Revenue increase

Firms that added new tech during the pandemic saw a remarkable increase in billable hours, report 2 tells us. 44% reported an uptick between 2020 and spring 2022 and 52% said it “allowed them to take on more clients.”. By contrast, only 25% of non-adopters saw any increase in billable hours during the same period. It would be interesting to see how reported revenue increases correlate with new tech adoption, with particular examples of which tech has spurred the increase in firms’ financial performance. Though innovative, proactive firms will undoubtedly be more likely to increase their revenue, other factors — like attracting high-caliber staff through new tech adoption — could also be contributing to their success.

Hiring quality candidates 

Tech adoption has an important link to business growth and attracting high caliber candidates, report 2 shows. Law firms that adopted new tech were more likely to have zero open positions (25% compared to 50% for non-adopters). New hires in tech-adopting firms tended to seek career growth, work-life balance, and new challenges. Meanwhile, non-tech-adopting firms struggle to attract “modern” candidates and are less likely to increase salaries for new hires, report 2 tells us.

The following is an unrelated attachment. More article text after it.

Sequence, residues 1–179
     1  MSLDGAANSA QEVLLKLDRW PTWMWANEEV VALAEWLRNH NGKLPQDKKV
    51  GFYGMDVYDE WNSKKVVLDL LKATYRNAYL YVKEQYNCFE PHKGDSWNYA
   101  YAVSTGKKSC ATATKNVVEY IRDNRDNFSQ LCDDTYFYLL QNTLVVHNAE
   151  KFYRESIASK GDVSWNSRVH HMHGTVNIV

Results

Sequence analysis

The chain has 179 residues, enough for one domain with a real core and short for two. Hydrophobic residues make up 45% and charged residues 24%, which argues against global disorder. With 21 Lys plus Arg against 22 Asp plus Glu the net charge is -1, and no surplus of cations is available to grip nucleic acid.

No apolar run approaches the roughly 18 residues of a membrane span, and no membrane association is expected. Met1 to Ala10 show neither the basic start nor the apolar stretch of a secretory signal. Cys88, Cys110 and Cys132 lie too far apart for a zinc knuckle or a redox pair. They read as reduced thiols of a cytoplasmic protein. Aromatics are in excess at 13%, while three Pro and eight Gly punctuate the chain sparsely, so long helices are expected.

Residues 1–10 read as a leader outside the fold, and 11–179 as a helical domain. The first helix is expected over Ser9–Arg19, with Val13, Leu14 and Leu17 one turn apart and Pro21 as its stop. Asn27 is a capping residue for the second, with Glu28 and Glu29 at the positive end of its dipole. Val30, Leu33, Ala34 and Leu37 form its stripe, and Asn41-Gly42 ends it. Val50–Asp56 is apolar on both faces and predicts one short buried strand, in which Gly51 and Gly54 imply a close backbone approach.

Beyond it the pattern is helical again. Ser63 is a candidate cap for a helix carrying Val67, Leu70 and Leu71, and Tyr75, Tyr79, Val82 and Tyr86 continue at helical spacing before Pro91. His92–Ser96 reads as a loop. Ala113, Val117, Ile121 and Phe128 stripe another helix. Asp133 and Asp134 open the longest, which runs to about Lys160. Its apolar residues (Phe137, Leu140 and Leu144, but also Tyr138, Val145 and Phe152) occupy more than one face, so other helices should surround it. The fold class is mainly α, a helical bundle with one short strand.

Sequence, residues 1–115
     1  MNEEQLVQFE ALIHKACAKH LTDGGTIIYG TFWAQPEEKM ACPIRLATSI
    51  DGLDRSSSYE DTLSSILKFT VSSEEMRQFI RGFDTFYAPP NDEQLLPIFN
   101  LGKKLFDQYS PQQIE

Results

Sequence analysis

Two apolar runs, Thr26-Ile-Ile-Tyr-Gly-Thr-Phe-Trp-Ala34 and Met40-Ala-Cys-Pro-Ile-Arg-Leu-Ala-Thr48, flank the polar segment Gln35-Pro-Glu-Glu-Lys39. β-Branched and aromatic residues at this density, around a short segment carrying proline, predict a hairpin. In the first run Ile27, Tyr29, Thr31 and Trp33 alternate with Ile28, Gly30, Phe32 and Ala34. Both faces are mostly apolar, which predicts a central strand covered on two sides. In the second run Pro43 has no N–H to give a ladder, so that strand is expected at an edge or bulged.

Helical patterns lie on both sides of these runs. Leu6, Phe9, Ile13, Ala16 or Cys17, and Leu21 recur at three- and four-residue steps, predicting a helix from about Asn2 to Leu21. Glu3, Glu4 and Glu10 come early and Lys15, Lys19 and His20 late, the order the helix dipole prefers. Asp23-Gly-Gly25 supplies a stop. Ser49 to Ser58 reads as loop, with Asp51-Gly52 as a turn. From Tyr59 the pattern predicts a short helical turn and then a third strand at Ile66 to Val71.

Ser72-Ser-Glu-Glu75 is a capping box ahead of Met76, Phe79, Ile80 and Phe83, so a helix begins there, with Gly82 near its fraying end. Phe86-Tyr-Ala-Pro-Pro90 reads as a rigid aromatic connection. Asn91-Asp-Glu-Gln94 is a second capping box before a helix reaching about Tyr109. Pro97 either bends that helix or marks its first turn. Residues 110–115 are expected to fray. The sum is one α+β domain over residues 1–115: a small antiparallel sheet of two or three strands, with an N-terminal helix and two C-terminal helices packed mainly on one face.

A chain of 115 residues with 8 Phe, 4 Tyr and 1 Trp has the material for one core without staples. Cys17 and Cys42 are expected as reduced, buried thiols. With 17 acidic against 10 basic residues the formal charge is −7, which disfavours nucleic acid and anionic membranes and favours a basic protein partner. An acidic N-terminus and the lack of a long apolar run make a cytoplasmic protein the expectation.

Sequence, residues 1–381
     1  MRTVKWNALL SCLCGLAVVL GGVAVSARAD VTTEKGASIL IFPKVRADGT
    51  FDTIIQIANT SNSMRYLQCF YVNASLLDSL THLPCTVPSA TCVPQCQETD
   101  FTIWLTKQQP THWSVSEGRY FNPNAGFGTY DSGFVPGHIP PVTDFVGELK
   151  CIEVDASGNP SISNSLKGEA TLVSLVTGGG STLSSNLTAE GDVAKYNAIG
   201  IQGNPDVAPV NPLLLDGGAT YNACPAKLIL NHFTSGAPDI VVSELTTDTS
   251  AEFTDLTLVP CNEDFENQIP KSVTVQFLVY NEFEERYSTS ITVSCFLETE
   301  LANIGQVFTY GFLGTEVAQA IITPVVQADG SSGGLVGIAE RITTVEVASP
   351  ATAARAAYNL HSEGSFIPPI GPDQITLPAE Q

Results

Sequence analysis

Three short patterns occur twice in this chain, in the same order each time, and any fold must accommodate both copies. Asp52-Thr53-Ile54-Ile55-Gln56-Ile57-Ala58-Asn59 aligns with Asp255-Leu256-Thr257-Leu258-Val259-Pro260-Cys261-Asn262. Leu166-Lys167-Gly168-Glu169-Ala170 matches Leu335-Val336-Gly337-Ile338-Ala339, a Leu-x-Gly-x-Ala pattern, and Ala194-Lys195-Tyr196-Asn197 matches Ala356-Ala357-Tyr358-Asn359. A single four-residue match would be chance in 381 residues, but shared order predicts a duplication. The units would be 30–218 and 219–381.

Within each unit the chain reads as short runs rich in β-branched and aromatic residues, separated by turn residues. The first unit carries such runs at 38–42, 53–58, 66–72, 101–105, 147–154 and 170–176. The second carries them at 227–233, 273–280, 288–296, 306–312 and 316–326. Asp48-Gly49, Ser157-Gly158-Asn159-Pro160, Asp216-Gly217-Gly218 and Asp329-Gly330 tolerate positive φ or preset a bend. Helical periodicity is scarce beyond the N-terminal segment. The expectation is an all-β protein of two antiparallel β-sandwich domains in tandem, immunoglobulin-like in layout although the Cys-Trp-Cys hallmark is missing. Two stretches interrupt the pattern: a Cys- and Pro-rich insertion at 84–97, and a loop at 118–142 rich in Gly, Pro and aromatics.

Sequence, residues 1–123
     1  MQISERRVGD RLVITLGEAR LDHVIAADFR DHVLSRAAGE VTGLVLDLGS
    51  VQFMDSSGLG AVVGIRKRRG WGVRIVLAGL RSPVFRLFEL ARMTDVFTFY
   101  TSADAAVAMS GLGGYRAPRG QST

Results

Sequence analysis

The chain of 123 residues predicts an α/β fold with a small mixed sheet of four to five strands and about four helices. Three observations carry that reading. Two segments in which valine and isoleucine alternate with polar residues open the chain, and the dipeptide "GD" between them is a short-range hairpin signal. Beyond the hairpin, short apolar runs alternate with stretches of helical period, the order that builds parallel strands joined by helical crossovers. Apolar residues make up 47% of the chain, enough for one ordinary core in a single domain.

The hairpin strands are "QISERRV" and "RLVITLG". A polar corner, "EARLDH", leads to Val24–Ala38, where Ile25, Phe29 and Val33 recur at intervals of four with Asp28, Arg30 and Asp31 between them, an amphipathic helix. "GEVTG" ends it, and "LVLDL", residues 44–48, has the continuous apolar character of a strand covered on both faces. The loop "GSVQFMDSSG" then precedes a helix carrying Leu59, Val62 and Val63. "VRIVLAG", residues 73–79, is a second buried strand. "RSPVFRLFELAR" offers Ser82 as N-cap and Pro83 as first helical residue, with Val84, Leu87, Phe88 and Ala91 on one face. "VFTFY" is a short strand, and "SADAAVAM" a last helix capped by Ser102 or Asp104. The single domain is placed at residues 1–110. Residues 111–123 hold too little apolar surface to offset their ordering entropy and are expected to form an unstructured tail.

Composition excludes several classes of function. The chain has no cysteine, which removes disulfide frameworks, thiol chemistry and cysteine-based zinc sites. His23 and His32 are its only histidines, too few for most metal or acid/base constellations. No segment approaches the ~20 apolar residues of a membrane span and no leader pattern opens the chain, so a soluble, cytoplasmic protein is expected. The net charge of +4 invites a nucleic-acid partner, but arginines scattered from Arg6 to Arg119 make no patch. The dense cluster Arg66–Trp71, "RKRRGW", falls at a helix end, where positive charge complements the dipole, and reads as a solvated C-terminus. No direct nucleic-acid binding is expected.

Flexible work

The majority of firms surveyed in report 2 had recognized the growing preference for remote work, adopting hybrid working models. But non-tech-adopters are less likely to offer remote or hybrid work options (only 38% compared to 74% of tech-centric firms surveyed). As employees increasingly prioritize work flexibility, this has an impact on satisfaction and retention.